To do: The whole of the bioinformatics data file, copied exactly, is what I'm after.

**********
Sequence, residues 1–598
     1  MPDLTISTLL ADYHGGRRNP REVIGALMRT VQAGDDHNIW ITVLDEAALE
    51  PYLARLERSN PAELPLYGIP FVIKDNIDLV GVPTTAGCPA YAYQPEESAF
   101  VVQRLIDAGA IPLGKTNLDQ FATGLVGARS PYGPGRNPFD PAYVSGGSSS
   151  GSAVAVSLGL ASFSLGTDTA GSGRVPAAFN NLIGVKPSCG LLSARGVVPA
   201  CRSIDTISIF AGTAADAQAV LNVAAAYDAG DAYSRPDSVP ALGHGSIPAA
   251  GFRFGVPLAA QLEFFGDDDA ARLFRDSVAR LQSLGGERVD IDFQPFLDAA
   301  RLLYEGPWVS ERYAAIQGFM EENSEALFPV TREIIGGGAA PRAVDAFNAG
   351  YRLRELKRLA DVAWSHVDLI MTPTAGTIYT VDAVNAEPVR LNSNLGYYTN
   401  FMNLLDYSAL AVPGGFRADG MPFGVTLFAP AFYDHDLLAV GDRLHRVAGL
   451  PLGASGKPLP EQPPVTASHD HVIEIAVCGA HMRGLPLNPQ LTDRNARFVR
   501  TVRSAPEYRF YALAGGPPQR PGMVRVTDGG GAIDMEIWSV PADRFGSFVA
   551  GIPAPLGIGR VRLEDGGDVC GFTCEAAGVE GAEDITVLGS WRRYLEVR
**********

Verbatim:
Sequence, residues 1–598
     1  MPDLTISTLL ADYHGGRRNP REVIGALMRT VQAGDDHNIW ITVLDEAALE
    51  PYLARLERSN PAELPLYGIP FVIKDNIDLV GVPTTAGCPA YAYQPEESAF
   101  VVQRLIDAGA IPLGKTNLDQ FATGLVGARS PYGPGRNPFD PAYVSGGSSS
   151  GSAVAVSLGL ASFSLGTDTA GSGRVPAAFN NLIGVKPSCG LLSARGVVPA
   201  CRSIDTISIF AGTAADAQAV LNVAAAYDAG DAYSRPDSVP ALGHGSIPAA
   251  GFRFGVPLAA QLEFFGDDDA ARLFRDSVAR LQSLGGERVD IDFQPFLDAA
   301  RLLYEGPWVS ERYAAIQGFM EENSEALFPV TREIIGGGAA PRAVDAFNAG
   351  YRLRELKRLA DVAWSHVDLI MTPTAGTIYT VDAVNAEPVR LNSNLGYYTN
   401  FMNLLDYSAL AVPGGFRADG MPFGVTLFAP AFYDHDLLAV GDRLHRVAGL
   451  PLGASGKPLP EQPPVTASHD HVIEIAVCGA HMRGLPLNPQ LTDRNARFVR
   501  TVRSAPEYRF YALAGGPPQR PGMVRVTDGG GAIDMEIWSV PADRFGSFVA
   551  GIPAPLGIGR VRLEDGGDVC GFTCEAAGVE GAEDITVLGS WRRYLEVR